On July 13, 2002 the decedent's supervisor asked him to get some plywood to cover a portion of the fiberglass grating in order to prevent dirt from falling through the grating down to the equalization tank. The decedent suggested using the two plywood boards which were covering the openings near the entrance of the structure. Unaware that openings had been cut into the grating, the decedent's supervisor told him to grab the top piece of plywood. However, the decedent began sliding both pieces of plywood forward. The decedent had taken about one step when he fell through one of the openings to the equalization tank about 20 feet below, sustaining fatal injuries. After the accident, the United States Department of Labor issued McLean a citation for violating 29 CFR 1926.501 (b) (1), which requires that employees on a walking/working surface with an unprotected side or edge that is six feet or more above a lower level be protected from falling by use of guardrail systems, safety net systems, or a personal fall protection system.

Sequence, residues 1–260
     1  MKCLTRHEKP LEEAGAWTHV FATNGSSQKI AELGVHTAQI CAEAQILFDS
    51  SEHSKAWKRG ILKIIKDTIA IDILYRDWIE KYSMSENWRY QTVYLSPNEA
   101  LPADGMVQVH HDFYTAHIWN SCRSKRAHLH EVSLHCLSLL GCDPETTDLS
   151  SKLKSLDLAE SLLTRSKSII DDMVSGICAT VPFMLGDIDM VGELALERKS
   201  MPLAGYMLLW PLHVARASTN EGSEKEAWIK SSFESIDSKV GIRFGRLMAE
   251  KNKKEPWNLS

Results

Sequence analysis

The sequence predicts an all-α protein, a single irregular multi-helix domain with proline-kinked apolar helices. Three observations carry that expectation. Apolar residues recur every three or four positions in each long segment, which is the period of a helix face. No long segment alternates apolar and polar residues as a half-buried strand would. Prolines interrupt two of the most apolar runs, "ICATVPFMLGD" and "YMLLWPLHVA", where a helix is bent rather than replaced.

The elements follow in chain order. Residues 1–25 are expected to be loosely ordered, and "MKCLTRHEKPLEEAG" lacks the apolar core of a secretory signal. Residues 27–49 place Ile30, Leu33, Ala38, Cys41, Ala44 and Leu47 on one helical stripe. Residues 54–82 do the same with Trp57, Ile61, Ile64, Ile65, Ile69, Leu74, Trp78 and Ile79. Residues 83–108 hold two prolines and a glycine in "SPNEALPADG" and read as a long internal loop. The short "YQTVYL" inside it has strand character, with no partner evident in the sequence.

The plaintiff subsequently commenced this action against the property owner and the general contractor of the project, and the defendants thereafter commenced a third-party action against McLean. After discovery had been conducted, the plaintiff moved for summary judgment on the issue of liability on the cause of action alleging a violation of Labor Law § 240 (1), contending that the defendants had violated this provision because the openings were covered with unsecured plywood, there were no rails guarding the openings, and no safety devices were provided to the decedent. The defendants and McLean then separately cross-moved, inter alia, for summary judgment dismissing the Labor Law § 240 (1) cause of action, contending that the accident was not caused by the type of elevation risk contemplated by the statute, and that the decedent's conduct was the sole proximate cause of the accident. The Supreme Court denied the plaintiff's motion and granted the cross motions, concluding that the decedent's accident did not come within the scope of the statute because he was not performing work which exposed him to an elevation-related risk. We reverse.